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AuthorsPucci, S. 
TitleThe Düzce segment of the North Anatolian Fault Zone (Turkey): Understanding its seismogenic behavior through earthquake geology,
Issue Date31-Dec-2006
Keywords1999 Duzce earthquake
tectonic geomorphology
Subject Classification04. Solid Earth::04.04. Geology::04.04.01. Earthquake geology and paleoseismology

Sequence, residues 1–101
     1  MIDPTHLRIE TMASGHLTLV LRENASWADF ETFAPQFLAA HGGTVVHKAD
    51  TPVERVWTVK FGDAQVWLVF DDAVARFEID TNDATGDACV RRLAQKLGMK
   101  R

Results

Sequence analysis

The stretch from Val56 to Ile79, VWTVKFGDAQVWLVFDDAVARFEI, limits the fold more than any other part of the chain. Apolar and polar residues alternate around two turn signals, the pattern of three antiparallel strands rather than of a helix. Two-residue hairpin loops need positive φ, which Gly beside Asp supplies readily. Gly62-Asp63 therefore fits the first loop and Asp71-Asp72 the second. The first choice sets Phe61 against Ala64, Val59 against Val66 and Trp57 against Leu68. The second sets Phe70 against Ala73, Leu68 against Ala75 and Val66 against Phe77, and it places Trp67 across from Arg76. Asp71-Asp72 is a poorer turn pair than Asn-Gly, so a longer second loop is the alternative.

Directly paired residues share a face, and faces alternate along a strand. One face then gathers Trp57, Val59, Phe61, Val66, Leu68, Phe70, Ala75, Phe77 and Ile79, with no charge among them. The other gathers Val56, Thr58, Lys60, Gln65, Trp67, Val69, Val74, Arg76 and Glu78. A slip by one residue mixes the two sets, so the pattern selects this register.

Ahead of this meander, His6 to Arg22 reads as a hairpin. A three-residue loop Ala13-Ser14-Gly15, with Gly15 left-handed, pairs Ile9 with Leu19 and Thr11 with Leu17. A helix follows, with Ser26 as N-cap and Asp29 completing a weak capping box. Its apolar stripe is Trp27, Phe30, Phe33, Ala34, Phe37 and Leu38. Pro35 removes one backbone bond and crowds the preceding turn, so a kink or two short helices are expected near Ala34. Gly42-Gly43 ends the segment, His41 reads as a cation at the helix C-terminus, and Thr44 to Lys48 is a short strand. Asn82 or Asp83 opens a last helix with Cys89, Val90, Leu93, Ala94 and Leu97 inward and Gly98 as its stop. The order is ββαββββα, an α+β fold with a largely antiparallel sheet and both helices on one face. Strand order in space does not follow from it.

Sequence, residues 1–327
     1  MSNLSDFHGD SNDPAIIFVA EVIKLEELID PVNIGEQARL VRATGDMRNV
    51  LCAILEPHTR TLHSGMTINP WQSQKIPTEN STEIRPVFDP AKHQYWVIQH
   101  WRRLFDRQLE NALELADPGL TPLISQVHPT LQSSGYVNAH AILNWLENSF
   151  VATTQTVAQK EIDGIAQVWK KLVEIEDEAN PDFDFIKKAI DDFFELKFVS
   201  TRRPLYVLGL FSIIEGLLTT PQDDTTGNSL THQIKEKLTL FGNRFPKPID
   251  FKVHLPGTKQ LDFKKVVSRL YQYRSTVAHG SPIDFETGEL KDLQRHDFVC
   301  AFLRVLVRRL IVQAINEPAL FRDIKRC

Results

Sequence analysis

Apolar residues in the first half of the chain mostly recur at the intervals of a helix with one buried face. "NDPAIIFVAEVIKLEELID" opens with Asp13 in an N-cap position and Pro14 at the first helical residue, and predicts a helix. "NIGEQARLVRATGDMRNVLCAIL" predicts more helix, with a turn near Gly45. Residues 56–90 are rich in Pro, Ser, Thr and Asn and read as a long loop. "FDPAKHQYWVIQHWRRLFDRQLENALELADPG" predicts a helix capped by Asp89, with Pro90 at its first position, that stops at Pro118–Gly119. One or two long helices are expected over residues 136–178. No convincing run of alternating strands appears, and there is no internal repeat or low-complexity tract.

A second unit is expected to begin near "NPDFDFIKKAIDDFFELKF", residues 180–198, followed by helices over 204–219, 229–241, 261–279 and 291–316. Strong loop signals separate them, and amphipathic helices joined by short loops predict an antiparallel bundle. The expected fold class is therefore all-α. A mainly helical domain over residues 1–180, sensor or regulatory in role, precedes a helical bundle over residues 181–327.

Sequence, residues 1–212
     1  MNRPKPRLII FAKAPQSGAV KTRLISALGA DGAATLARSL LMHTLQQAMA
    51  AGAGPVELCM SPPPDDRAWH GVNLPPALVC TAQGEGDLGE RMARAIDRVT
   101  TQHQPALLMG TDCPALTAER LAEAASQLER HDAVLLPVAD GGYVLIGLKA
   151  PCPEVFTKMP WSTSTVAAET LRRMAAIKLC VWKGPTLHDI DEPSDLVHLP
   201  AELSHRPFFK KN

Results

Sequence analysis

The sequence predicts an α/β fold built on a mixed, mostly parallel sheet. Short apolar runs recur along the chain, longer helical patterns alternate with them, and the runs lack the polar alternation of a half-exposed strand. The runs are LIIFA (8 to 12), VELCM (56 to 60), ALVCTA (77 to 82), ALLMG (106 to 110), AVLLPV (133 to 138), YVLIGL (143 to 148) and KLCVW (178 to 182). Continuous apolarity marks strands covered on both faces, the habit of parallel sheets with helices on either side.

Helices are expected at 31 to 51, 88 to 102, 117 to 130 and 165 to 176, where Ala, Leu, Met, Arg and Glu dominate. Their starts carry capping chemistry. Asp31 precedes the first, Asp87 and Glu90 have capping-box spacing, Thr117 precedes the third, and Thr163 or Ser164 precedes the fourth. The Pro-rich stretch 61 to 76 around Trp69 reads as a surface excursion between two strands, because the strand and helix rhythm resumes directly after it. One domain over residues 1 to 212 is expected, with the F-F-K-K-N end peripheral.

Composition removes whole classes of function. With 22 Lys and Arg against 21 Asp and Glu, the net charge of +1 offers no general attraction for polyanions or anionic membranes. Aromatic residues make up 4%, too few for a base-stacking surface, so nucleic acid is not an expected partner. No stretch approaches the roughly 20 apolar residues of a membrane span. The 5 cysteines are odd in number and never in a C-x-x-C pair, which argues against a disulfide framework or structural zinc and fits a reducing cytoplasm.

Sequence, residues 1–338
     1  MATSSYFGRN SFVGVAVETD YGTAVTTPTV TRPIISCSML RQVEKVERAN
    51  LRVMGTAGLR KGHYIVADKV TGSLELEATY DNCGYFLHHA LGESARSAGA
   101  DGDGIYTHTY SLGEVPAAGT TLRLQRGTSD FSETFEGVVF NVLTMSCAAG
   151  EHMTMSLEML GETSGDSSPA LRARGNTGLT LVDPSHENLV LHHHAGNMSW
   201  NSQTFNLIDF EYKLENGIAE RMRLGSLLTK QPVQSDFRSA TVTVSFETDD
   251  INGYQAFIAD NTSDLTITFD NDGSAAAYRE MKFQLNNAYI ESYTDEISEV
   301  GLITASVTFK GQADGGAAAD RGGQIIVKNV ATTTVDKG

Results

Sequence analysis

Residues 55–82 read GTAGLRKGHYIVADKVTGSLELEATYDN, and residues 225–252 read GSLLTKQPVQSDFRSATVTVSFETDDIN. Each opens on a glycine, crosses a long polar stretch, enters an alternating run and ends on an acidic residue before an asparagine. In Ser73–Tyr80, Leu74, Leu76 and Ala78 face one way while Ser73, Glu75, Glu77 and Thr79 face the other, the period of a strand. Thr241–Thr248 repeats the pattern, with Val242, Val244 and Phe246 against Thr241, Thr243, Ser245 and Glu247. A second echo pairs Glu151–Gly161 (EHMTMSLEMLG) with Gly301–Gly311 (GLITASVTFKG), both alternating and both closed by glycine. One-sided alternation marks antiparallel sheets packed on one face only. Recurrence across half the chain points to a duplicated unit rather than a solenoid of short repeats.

AbstractThe area struck by the November, 12, 1999, Mw 7.1 earthquake that ruptured the Düzce segment of the North Anatolian Fault Zone (NAFZ) was investigated. In order to document the Düzce seismogenic fault characteristics, segment of the North Anatolian fault, systematic geological, geomorphological and paleoseismological analyses were integrated in this thesis. A detailed mapping and study of the 1999 earthquake coseismic ruptures and of the short- (Holocene) long-term (Pliocene-Pleistocene) tectonic landforms, first, in a key area, then, along the whole Düzce fault was carried out. The major objective were to compare the detailed coseismic surface expressions with the short/long-term morphology and structural architecture of the Düzce fault zone. This was accomplished to explore the persistency or evolution through time of the active fault setting, at the surface, that could highlight characteristics of the seismic source, at depth. Along the key area was possible to zoom in a scale-independent en-échelon arrangement of the coseismic surface ruptures and to evidence by the comparison with the short/long-term geomorphic expression of the Düzce Fault near the 1999 ruptures, that: 1) the principal slip zone at depth accommodates the bulk of the displacement during an individual rupture event and 2) may stay localized through many rupture episodes with persistent geometry and kinematics. At the same time, an old and complex fault arrangement has been mapped, partially coinciding with the 1999 rupturing fault, whose relationships with the coseismic fault systems suggest an evolution of the fault pattern trough time, with a tendency to simplify a geometric complexity into a straighter, mature trace. Along the whole area, also, the older complex fault system, which involves a wider zone of deformation, was identified and the structural pattern of the simple 1999 coseismic fault trace was analyzed at the different scales of observation. Overall, two different sections of the Düzce segment were recognized: a western section, where the coseismic fault trace has a staircase trajectory and reactivated part of the older fault system; an eastern section, where the coseismic fault trace shows a straight trajectory and cross-cuts the older and complex fault system. The Düzce fault sections may represent different stages of the segment evolutionary tendency towards a simpler mature trace, as a mechanically more favorable setting. The western section of the Düzce fault segment splays out from a restraining bend of the Izmit (Karadere) fault segment of the NAFZ, and forms a releasing fault wedge. By comparing the coseismic surface deformation field with the observed long-term morphology it is clear that the present landforms and setting are the result of 1999-type coseismic deformation repeating through several seismic cycles. Because of the mechanical interaction of the faults in the release junction, the western section of the Düzce fault undergoes a transtensional strain field that may justify and cause its complexities to be a steady state of the structural arrangement. The boundary at the surface between the two portions of the Düzce fault is not only a surface characteristic but it separates at depth a portion of fault plane characterized by a big single asperity, to the east, from a portion of plane with lower slip, to the west. Thus the peculiar arrangement of the Izmit (Karadere) and Düzce fault segments may permanently control the difference in behavior of the two portions of Düzce fault and furthermore control rupture propagation and fault loading. Under this light, the Izmit/Düzce release fault junction (1) may produce an unfavorable setting for the build up of asperities in the western part of the Düzce segment also in the future and (2) could have delayed the propagation of the 1999 August Izmit rupture on the Düzce segment that ruptured on November 1999 along the asperity of its eastern section. These results highlight that the surface geological data contain the potential for integrating and completing the information for imaging structures also at a seismogenic depth. The integrated investigation of short/long-term tectonic morphologies and structural pattern offers a noteworthy frame to interpret the coseismic rupture kinematics and clarifies their complexities. Moreover, for a full understanding of the principal slip zone at depth, this case study shows the importance to define the strain distribution pattern and evolution of surface rupturing faults. The geological and geomorphological map along the fault trace permitted to analyze the spectacular tectonically driven cumulative landforms and the drainage pattern settings, in order to provide new estimates on the Quaternary slip rate of this part of the active transform margin of North Anatolia. As offset geomorphic markers, right-hand stream deflections and remnant of an old alluvial fan modeled by fluvial terraces were reconstructed and described. The streams are deflected for a total of about 100 m and the onset of the offset was radiocarbon dated about 7000 yr BP. The two documented and correlated Late Pleistocene, terrace risers are offset of about 300 and 890 m, respectively. These terrace risers were dated by means of Optically Stimulated Luminescence (OSL) method about 21 000 yr BP and 60 000 yr BP. These ages and offsets translate to a constant rate of deformation of the Düzce Fault, at different time scales, of 14.0 ± 1.8 mm/yr and disproves a time-variable model at least for the last 60 000 yr. On this light, considering the GPS-measured strain accumulation due to the plate motion along this part of the North Anatolian Fault Zone, the Düzce Fault importantly participates to the North Anatolian margin deformation and assumes a relevant role in the seismic hazard of the area. To learn about recurrence of large earthquakes on this fault, paleoseismological trench investigations were undertaken. On the basis of sedimentary and structural relations observed in the trench walls, evidence for repeated surface faulting paleoearthquakes pre-dating the 1999 event were found. By merging information obtained from all the trenches it is possible to reconstruct the seismic history of the Düzce fault for the past millennium. Coeval events between different trench sites were correlated under the assumption that, similarly to the 1999 event, paleoearthquakes ruptured the whole Düzce fault. Besides the 1999 earthquake, prior surface faulting earthquakes are dated as follows: penultimate event, possibly at the end of 19th century; third event, possibly close to AD 1700; fourth event, AD 1185-1640; fifth event, possibly AD800-1000. According to the above results, the AD1719, AD1878 and AD 1894 historical earthquakes, may have ruptured the Düzce fault and not the faults they are usually associated to or, alternatively, a cascade of events occurred on the Düzce and nearby faults (similarly to the Izmit and Düzce 1999 earthquakes). On this basis can be inferred an average recurrence time of ~300 yrs for large surface faulting events on the Düzce fault. Moreover, assuming that the slip produced by the 1999 earthquake is characteristic, the Düzce fault presents a strain release model, with a not perfectly periodic interseismic interval, and an average strain accumulation of 13.3 mm/yr, comparable with the slip rate results obtained by the geomorphic marker analysis.